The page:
PUBLISHERS WARY OF WHOLESALER CONSOLIDATION;REGIONAL POWERHOUSES TAKE HOLD AS SUPERMARKETS SEEK EFFICIENCIES

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A consolidation trend sweeping magazine wholesalers is setting off alarms in the publishing industry and will permanently alter the way consumer magazines reach retailers in the U.S.

With supermarket chains drastically reducing the number of wholesalers they deal with, nearly a third of the nation's wholesalers have disappeared since early 1995 by selling out to larger competitors-often at firesale prices.

In their place, powerful regional wholesalers are arising.

"We have 7,000 retail stores nationwide that are changing wholesalers this year," said Frank Herrera, president of ICD/Hearst, one of the largest national magazine distributors. Distributors serve as bankers to publishers as well as dispatchers to local wholesalers, who deliver the magazines to the retail market.

MOVE FOR EFFICIENCY

The big supermarket chains say the consolidation trend is an efficiency move aimed at cutting suppliers and invoices and increasing profit margins.

In one extreme example, Wal-Mart Stores went from 200 wholesalers last year to a current roster of three.

But it remains to be seen if the same principle that spawned the supermarket industry's Efficient Consumer Response program, which saves money by reducing the number of suppliers, will work for consumer magazines.

"We're consolidating to run our businesses more effectively," said Linda Benton, director of general merchandising in northern California for Lucky Stores-currently in negotiations to chop the number of wholesalers it deals with from 11 to two.

NEWSSTAND PROBLEMS

As a result of the squeeze, most magazine executives expect in-store service levels to suffer and newsstand sales to continue to take hits.

"My best guess is that newsstand sales will be down 3% in the first half of this year, and that's substantial," Mr. Herrera said.

"It's ugly," said Robert Castardi, president of Curtis Circulation Co., another national distributor. "At this point, everyone is guessing what will happen, but I think S it will cause service to deteriorate."

Whether by coincidence or not, the consolidations began last spring, one year after the antitrust division of the U.S. Department of Justice opened a two-year probe into magazine distribution.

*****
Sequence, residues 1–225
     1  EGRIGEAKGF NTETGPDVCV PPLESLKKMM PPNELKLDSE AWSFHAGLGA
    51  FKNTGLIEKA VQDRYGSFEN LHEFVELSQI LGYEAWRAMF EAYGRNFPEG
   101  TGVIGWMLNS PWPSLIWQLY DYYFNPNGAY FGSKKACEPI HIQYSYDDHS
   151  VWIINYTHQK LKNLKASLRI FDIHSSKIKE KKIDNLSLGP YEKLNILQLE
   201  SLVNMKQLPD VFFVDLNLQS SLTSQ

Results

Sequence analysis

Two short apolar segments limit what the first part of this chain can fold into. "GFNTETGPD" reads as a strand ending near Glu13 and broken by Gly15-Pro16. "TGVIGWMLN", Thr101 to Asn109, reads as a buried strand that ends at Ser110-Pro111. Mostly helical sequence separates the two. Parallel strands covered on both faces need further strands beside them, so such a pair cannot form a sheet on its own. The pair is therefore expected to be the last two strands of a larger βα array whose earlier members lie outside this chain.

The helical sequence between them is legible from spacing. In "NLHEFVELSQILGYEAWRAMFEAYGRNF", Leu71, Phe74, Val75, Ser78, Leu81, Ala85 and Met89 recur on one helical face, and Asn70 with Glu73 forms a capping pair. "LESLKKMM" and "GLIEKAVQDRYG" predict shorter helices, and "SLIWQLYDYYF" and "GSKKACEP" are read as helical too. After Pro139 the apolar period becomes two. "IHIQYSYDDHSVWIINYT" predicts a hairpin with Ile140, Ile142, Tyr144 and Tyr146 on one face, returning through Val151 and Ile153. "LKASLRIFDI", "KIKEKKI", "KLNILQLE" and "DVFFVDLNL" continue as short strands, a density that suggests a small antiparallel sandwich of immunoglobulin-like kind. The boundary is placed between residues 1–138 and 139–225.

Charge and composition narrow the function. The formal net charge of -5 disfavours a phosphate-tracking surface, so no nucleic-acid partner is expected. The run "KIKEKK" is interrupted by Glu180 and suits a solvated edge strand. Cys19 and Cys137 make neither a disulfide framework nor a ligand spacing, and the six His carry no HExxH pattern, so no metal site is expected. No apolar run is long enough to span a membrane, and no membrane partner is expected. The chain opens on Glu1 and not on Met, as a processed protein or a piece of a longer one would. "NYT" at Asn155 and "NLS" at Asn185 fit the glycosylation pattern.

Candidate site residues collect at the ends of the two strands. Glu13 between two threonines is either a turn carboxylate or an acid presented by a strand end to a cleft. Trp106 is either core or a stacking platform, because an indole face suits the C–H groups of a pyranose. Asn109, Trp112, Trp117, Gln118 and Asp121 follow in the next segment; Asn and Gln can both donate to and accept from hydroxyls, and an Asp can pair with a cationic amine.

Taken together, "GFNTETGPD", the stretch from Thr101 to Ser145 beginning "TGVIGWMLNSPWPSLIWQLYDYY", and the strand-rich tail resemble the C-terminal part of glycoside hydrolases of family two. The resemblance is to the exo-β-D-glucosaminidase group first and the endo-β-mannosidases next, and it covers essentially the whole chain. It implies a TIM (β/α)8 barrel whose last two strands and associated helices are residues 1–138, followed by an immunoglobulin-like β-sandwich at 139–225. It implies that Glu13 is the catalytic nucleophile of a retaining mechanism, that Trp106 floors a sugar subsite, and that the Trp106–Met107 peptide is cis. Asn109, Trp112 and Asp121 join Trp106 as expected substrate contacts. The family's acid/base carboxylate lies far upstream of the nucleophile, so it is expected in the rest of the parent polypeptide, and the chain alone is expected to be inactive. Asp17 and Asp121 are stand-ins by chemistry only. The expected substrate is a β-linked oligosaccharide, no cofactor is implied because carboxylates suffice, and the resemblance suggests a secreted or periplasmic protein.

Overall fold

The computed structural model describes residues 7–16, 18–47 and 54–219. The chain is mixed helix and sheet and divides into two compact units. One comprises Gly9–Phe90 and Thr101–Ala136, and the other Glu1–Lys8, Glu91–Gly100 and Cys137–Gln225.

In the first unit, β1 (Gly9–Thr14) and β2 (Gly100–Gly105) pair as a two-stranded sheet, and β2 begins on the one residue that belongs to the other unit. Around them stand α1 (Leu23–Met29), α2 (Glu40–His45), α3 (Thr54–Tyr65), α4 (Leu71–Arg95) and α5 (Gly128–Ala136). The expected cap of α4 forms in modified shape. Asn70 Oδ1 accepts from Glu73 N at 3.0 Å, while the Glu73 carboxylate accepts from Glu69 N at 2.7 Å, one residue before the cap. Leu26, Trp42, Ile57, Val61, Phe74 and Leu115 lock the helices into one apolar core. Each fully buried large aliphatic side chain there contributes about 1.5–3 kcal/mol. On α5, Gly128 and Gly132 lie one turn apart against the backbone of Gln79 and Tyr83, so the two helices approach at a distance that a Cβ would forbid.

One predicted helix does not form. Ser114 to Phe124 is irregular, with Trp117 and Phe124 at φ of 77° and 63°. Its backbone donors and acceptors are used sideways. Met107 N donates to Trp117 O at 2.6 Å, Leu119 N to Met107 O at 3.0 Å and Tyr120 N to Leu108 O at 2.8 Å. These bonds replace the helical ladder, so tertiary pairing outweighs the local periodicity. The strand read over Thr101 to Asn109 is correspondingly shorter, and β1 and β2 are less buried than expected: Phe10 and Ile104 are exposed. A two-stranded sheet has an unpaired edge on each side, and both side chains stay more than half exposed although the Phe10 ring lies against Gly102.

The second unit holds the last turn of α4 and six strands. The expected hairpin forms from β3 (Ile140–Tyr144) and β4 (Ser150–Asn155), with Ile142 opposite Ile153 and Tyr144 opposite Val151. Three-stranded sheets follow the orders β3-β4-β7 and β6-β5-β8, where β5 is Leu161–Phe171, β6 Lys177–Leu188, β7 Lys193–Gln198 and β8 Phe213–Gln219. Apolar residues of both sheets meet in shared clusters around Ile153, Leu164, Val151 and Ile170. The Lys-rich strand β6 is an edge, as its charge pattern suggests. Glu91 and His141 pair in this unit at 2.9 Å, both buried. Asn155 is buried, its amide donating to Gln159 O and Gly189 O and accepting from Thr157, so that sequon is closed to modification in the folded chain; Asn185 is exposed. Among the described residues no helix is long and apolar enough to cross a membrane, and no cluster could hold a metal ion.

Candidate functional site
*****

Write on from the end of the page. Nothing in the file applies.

John Poole, a U.S. attorney who is heading the probe in Washington, said final recommendations should be coming "in the next several months."

One theory holds that the initial complaint was filed by a major chain angry it couldn't obtain bids from any local magazine wholesalers to handle larger regions; and that boosted wholesalers' desire to show how competitive they could be. Others blame purely economic factors.

MOVING FAST

Most industry observers believe the consolidation trend is likely to gather momentum this year as more store chains push for fewer suppliers and bigger wholesalers concentrate on buying out competitors.

"Right now the wholesaler is getting squeezed," said John Harrington, president, Council for Periodical Distributors Associations.

Retailers were traditionally getting a cut equivalent to about 27% to 28% of the price of each magazine sold, he estimated, adding, "Now it is probably several points above that."

There is also a fear in the magazine industry that the surviving megawholesalers will ultimately turn to publishers to make up the difference.

And there are concerns lower circulation and specialty titles may have a tougher time finding stores to stock them.

Supermarket chains such as Safeway and Albertson's championed the consolidation moves starting last summer in order to simplify billing and gain price concessions from a handful of choice suppliers as they had in other corners of the industry.

Many of the winning grocery, drugstore and retail chains are receiving signing bonuses from wholesalers of $40,000 to $50,000 per store, said one magazine industry executive.

Small wholesalers who are being cut out said they doubt large regional wholesalers will provide the same service that local wholesalers did in the past.

PROBLEMS FOR PUBLISHERS

Publishers agree.

"It's a whole new environment we're going to have to be living in and I don't think anyone is seeing this as a positive," said David Leckey, VP-circulation at Hachette Filipacchi Magazines.

Pacific Periodical Services lost about 30 retail outlets last fall when Safeway compressed its magazine wholesalers in Seattle from four to Tacoma, Wash.-based Adams News Co. "We probably lost about 20% of our business in that deal," said Kyle Frick, VP-marketing at Pacific.

The periodical distributors association's Mr. Harrington said as recently as mid-1995, there were 185 wholesalers in the U.S.

DROPPING FAST

"Today there are about 120 and that's changing as we speak," he said, adding that number could drop below 100 by yearend.

Some industry observers think the number may drop to as few as 15 power players.

Among the expected survivors are Anderson News Co., Knoxville, Tenn.; Hudson News Co., New York; East Texas Distributing, Houston; ARAmark, Los Angeles, and several others.

"I think there will be chaos until this thing sorts itself out," said Kent Brownridge, senior VP at Wenner Media, publisher of Rolling Stone and US.

Michael Pashby, VP of consumer magazine marketing, Magazine Publishers of America, thinks the shakedown may lead to more efficient marketing of magazines. "Publishers will be able to promote their titles to individual chains," Mr. Pashby said. But in the short term, "It's chaos out there."

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